Tower Investments can't construct Elk Run's first building until it pays overdue taxes and fines.
Elk Run, a long-awaited campus for biotech firms in Pine Island, faces yet another obstacle.
This time, the project's developer owes more than $741,000 in back property taxes and penalties to Olmsted County, preventing construction until the firm pays the fines.
Tower Investments said it hasn't paid because it disagrees with some of the assessments on the parcels of land. John Pierce, Tower's senior vice president, said the firm has been in the appeals process for more than a year.
"We're not going to let that hamper our ability to achieve our other goals," Pierce said.
However it was unclear how the company would resolve the tax issue. Pierce emphasized that Tower is committed to meeting the job goals. The Woodland, Calif.-based firm must create 20 bioscience positions there by the end of the year in accordance with a development agreement for the site.
Elk Run has been hamstrung by delays since it was announced five years ago. Supporters of the project hoped it would spark more innovation in the state and a boom in biotech. But a sluggish economy has made it difficult to recruit businesses to the rural property, located 15 miles north of Rochester.
Currently, there are no buildings in Elk Run's biobusiness park.
Pierce emphasized it as a long-term project and a lot has been done to lay the groundwork for development, such as adding utilities and the infrastructure for roads.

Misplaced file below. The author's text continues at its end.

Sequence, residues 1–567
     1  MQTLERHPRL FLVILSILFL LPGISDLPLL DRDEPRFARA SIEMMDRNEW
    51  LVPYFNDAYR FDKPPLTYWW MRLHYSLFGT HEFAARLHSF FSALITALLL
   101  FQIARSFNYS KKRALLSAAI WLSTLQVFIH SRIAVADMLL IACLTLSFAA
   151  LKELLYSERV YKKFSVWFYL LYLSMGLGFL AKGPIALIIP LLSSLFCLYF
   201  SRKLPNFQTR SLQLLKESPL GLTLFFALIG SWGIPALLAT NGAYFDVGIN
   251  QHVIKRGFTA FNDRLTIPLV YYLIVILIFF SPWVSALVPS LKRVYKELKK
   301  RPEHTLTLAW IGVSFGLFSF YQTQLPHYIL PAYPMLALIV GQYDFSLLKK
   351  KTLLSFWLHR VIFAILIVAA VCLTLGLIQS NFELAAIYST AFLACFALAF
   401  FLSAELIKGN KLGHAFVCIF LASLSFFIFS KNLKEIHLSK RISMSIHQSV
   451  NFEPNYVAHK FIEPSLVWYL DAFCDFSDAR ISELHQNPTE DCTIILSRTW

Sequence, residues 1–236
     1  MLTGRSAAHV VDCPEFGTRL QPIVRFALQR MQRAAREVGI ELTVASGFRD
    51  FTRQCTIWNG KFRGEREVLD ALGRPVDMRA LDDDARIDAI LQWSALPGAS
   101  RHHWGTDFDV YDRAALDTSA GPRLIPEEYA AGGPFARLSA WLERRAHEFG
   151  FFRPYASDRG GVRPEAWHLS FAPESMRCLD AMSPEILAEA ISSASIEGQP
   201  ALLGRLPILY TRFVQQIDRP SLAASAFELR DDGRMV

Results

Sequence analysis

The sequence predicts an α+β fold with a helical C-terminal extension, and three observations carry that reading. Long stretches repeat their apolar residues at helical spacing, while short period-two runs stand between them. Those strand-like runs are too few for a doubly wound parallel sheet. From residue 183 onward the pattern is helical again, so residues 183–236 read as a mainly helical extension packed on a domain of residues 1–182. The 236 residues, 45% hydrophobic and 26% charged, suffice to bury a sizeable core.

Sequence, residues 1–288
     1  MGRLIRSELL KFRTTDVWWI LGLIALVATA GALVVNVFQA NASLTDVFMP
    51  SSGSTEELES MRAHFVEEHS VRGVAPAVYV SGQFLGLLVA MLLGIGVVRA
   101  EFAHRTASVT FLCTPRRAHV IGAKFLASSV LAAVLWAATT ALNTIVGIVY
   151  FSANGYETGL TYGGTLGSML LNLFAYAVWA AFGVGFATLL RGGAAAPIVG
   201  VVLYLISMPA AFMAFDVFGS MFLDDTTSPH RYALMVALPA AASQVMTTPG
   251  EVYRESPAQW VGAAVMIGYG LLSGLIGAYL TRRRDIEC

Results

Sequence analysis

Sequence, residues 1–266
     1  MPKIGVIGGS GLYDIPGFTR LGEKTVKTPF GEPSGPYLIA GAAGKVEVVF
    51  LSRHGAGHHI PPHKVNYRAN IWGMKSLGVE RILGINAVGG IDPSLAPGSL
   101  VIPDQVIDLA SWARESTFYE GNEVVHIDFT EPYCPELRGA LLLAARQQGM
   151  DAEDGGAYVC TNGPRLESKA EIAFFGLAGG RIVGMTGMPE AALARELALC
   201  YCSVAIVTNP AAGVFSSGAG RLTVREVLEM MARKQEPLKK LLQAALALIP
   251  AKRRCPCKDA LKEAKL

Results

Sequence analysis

"If anything, we learned that we were just overly optimistic in our earlier projections," Pierce said.
The development is tied with the Minnesota Department of Transportation's construction of a new Hwy. 52 interchange. MnDOT will build four frontage roads that connect Elk Run with the interchange next year.
By the end of 2019, Pine Island must have 182 bioscience jobs at Elk Run. If none is created, the city will owe MnDOT $3.65 million.
"Is it frustrating that we're this far along without jobs? Certainly," said Terry Ward, manager of the Elk Run Interchange Project.
Abraham Algadi, Pine Island's city administrator, said he expects Tower to file for a new building permit between now and the end of August. Tower's previous permit expired in February.
"They assured us that the issue will be addressed and resolved well before they receive their building permit," Algadi said.
Tower said it is working with tenants for Elk Run, but declined to name the firms. In addition to the biotech campus, developers hope Elk Run will eventually include housing and other commercial real estate.
Staff reporter Janet Moore contributed to this report.
Wendy Lee 612-673-1712